Jessica Seaton's new book, Gather Cook Feast, celebrates the connection between the food that we eat and the land on which we live in over 120 simple, seasonal and nourishing recipes. It is our co-founder's first solo project and combines her love of food, cooking and landscape.
Why did you decide to write a recipe book? It was a strange and not at all obvious journey. The idea was first given life during long walks with Jamie – if we were to do a book what would it be? Our discussion always ended up around celebrating the world we have seen while working on TOAST shoots, and that idea always meant food as an expression of place for me. Later this germ of an idea became Gather Cook Feast.
Who taught you to cook? My mother taught me to love food, but I also had a domestic science teacher at secondary school that taught me in a more structured way. We took open baskets to school covered with elasticated gingham tops to bring home our offerings. I still remember the humiliation in being told I was too ambitious in my choice of what to cook for a free-choice class (it was an American cheesecake, frowned upon for being too expensive to make). But her ways of speaking about food are with me still – to knead dough until it is ‘like a baby’s bottom’ and her mantra for baking ‘light your oven, line your tin, wash your hands and then begin’. I love them!
How does each recipe come to fruition? Is it a slow trial and error? The book started as a large and broad download of ideas onto a big piece of paper, but then came the real hard work. You start with an idea in your head for each recipe, then research ways to achieve it, then cook each recipe up to three times until it performs as you had imagined, in taste, look and feel. Then Anna (my collaborator) and I swapped recipes with each other and cooked them again and made tweaks and adjustments until we were both happy.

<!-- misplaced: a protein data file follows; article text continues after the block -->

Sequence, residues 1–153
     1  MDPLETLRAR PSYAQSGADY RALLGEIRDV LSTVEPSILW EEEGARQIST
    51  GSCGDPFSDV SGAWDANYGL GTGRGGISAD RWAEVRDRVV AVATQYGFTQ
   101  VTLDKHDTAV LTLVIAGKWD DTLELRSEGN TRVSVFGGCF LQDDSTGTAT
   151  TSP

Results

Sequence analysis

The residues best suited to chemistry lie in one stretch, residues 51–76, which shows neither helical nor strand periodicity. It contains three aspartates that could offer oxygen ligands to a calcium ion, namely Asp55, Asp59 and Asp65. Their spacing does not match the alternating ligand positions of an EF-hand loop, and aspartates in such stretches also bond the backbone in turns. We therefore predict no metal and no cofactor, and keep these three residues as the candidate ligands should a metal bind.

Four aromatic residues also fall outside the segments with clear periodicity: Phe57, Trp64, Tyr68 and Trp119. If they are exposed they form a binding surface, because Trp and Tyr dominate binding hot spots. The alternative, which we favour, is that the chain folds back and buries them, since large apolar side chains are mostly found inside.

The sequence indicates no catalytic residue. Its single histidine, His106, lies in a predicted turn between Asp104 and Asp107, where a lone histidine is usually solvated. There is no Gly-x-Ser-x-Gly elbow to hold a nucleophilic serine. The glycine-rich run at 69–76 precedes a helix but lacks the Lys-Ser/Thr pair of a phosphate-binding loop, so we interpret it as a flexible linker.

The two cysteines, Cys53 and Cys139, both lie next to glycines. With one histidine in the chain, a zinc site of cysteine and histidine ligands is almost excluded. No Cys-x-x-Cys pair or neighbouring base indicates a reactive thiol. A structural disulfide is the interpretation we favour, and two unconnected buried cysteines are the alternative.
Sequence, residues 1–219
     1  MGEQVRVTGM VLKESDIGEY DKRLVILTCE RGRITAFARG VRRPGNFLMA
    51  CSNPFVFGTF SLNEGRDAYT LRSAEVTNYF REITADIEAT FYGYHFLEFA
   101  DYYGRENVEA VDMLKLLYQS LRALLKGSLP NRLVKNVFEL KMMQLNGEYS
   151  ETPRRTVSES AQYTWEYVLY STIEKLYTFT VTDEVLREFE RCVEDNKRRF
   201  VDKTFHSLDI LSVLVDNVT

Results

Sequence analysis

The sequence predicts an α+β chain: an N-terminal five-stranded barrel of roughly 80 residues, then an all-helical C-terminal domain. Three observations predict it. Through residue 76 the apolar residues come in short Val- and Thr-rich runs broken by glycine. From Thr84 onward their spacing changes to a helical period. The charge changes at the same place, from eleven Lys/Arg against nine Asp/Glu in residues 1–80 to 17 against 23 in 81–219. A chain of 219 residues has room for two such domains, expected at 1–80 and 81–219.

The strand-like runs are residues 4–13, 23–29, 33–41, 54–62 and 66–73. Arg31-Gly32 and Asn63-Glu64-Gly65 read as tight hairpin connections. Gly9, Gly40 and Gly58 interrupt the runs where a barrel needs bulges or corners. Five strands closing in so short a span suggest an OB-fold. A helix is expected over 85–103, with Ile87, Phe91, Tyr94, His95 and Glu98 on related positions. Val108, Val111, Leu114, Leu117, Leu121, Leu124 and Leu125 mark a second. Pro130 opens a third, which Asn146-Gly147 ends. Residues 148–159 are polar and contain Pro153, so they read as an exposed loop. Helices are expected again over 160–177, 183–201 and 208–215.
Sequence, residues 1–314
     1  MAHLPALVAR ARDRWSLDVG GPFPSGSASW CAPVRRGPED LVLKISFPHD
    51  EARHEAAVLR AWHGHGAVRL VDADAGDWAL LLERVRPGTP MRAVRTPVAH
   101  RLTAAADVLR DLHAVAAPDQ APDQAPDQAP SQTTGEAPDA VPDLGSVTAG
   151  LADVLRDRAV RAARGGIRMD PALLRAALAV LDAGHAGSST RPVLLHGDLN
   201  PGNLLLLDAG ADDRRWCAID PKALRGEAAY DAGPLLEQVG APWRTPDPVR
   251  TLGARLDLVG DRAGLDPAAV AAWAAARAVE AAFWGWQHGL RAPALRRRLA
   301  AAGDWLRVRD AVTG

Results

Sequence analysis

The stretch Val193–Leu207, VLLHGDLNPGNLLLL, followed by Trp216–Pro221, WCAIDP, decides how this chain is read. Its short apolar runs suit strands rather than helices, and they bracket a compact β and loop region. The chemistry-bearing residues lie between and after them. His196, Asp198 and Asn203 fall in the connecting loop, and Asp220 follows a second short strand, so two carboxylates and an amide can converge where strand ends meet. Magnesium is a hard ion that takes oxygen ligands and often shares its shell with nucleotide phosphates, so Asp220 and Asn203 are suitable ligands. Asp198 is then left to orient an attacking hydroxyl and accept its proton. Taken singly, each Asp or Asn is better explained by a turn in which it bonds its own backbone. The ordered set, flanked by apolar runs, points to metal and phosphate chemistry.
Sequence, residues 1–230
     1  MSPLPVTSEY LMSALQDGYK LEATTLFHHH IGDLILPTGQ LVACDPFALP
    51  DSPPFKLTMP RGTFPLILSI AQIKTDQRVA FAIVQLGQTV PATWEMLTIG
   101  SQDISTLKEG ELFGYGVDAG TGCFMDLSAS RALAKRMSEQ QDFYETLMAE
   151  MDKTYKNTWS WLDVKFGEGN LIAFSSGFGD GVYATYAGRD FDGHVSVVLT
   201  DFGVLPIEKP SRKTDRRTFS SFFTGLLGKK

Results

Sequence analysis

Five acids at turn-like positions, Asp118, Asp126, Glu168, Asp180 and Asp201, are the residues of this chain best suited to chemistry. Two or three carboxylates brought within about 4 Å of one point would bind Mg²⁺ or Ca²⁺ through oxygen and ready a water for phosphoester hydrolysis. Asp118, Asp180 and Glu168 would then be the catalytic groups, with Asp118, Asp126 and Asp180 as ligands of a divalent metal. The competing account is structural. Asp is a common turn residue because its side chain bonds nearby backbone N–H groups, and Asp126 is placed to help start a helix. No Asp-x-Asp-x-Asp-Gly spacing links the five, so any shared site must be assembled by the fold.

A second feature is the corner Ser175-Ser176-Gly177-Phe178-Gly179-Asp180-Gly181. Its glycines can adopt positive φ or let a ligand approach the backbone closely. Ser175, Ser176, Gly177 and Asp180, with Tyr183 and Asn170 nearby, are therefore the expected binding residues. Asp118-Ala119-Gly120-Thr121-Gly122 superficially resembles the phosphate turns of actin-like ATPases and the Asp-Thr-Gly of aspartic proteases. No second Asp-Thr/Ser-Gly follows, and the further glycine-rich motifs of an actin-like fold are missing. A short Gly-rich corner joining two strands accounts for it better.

(Main image, Crayfish with Wild Garlic Butter & Lovage Vodka. Previous, Hedgerow Pudding)
You like to create plates that ‘feel like a place’, what do you mean by this? I started with the idea that the food should not only contain ingredients that came from a particular landscape, but also that it should, in some indefinable way, feel like that place. Our experience of food is coloured by associations – the briny feel of an oyster could be felt as a joyous essence of sea; or the earthy woods-y taste of mushrooms may remind one of an experience of deep forest. But broader than that, I made associations of type of taste – associating salt, lemon and pickled things with the sharp, crisp feeling of the sea. It’s those looser associations that are evoked by the words at the beginning of each chapter. This is such an interesting and stimulating area: how to create the sense of place in food. I’m continuing to explore this whole idea.
What is the landscape of your home and what food can you find there? Rolling hills, fast rocky rivers, woods and fields. And a little further afield, coast. And for food the list is endless: mushrooms, sewin, cockles, brilliantly raised meat, great cheeses, well sourced fish, laver bread, salt marsh lamb, wild garlic, venison…. On and on! Many of the ingredients used in the books could be sourced from near where we live.
Why do you think so many of us are increasingly drawn to the wild? Some of us love the wild and some of us love the city. It’s a complicated picture. I do think urban life is rich in social, cultural and material stimulation but poorer in connecting us to the reality of the planet we inhabit. You rarely see the sun on the horizon or the stars in the sky. Albert Camus felt that it was only in the wild that man felt his own humanity. In the power of the city some of us may be tempted to feel like gods – but we are not.
(Laver & Oatmeal Pancakes with Asparagus & Poached Egg)
Which dish pleases you most? There are so many! I have a photocopied paper version of the book at home and I am constantly getting it out to cook from. But if pressed - I love the chicken with summer vegetables; the laver and oatmeal pancakes and the blood oranges and rhubarb.
A personally signed copy of Gather Cook Feast (£26) is available to buy here and in stores.